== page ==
Sentencing Issues for Federal White Collar Crime Cases

The United States Court of Appeals for the Tenth Circuit recently issued a very lengthy opinion that covers a variety of sentencing issues we see quite often in federal white collar cases. Although this case came out of the appellate court that covers Denver, we see similar issues in cases here in Atlanta, the rest of Georgia, as well as in Alabama and Florida.

The case out in Denver involved charges of fraud against some bankers. They were convicted, and on appeal both the defendants and the prosecutors argued that the trial judge made mistakes when imposing the sentences.

The main sentencing issue on appeal involved the question of “loss” under the Federal Sentencing Guidelines. I have written at length on the Guidelines in other posts. The “loss” calculation is especially tricky. The defendants in the Denver case, through their very able lawyers, made the rather sensical argument that what they got out of the crime is the same as the “loss.” Unfortunately, a lot of lawyers who do not get into federal court all that often mistakenly believe that this is the law. It is not. The concept of “loss” under the Sentencing Guidelines is far greater than what a person gets. It also covers “intended loss”, along with losses caused by other people who did the same thing.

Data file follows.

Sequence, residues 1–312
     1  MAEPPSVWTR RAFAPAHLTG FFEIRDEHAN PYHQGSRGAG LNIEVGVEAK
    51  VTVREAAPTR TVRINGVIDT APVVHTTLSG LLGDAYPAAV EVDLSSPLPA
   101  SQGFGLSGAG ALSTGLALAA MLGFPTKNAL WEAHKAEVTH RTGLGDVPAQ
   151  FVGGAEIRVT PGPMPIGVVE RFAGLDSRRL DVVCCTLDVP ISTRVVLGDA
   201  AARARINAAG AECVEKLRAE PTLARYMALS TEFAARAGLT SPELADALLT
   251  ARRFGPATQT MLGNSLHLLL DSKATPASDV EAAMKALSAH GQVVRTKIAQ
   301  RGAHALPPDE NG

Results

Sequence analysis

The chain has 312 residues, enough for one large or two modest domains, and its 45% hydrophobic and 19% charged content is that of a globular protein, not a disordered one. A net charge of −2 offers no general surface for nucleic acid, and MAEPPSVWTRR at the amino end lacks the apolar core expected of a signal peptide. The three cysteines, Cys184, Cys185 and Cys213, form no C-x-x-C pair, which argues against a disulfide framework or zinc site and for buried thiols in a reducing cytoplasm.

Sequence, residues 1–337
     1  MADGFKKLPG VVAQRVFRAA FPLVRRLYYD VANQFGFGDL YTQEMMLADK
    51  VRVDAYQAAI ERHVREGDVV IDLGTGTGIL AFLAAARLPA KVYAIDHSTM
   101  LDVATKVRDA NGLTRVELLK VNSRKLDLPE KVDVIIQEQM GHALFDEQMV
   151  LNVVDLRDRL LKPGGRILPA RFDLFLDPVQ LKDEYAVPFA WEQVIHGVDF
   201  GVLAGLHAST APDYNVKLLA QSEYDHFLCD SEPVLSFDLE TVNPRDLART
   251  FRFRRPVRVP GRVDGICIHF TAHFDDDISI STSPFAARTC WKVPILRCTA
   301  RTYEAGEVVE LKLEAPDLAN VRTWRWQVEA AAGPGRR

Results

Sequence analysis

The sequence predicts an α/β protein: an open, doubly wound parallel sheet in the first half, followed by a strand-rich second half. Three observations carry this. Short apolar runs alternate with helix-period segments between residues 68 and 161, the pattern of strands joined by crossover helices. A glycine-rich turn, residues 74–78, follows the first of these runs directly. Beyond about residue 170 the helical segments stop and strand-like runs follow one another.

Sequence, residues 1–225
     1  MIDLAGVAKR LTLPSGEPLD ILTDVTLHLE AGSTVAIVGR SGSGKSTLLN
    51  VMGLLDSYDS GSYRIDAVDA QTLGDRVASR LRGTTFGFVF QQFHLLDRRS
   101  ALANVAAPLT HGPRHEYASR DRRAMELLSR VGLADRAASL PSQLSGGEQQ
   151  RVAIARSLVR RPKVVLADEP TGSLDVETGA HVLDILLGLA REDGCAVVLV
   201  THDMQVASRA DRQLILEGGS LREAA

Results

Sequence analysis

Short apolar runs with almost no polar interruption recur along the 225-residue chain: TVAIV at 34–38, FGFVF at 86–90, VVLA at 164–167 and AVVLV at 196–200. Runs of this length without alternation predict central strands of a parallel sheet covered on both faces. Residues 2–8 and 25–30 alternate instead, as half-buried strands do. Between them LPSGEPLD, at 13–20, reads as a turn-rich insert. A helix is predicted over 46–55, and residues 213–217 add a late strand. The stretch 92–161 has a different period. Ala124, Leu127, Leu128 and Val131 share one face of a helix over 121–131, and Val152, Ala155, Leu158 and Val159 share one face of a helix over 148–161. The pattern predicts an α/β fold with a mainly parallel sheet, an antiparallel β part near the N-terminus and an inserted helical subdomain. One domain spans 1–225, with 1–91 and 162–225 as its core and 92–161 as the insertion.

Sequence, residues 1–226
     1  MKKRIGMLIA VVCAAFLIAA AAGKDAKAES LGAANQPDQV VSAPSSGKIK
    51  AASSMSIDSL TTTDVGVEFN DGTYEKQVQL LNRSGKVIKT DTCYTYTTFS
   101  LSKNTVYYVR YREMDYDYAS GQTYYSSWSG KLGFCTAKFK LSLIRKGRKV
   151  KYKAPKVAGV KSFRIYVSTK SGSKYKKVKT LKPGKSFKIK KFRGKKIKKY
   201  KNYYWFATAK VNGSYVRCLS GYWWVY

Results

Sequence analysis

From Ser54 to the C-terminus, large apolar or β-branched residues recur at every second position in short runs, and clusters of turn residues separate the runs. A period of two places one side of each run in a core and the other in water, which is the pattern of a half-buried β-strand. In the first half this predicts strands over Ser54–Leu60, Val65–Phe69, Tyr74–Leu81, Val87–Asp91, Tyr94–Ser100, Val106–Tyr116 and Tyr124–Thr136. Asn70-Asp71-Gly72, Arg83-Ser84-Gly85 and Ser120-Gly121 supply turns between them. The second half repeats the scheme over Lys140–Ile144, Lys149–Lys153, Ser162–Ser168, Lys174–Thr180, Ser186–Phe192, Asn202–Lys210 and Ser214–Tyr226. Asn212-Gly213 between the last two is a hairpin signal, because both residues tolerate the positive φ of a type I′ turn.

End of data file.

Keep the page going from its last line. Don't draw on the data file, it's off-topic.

The court in the Denver case sent it back for a new sentencing hearing. The defendants’ attorneys did a good job for their clients the first time. They will have a rougher road the second time around.

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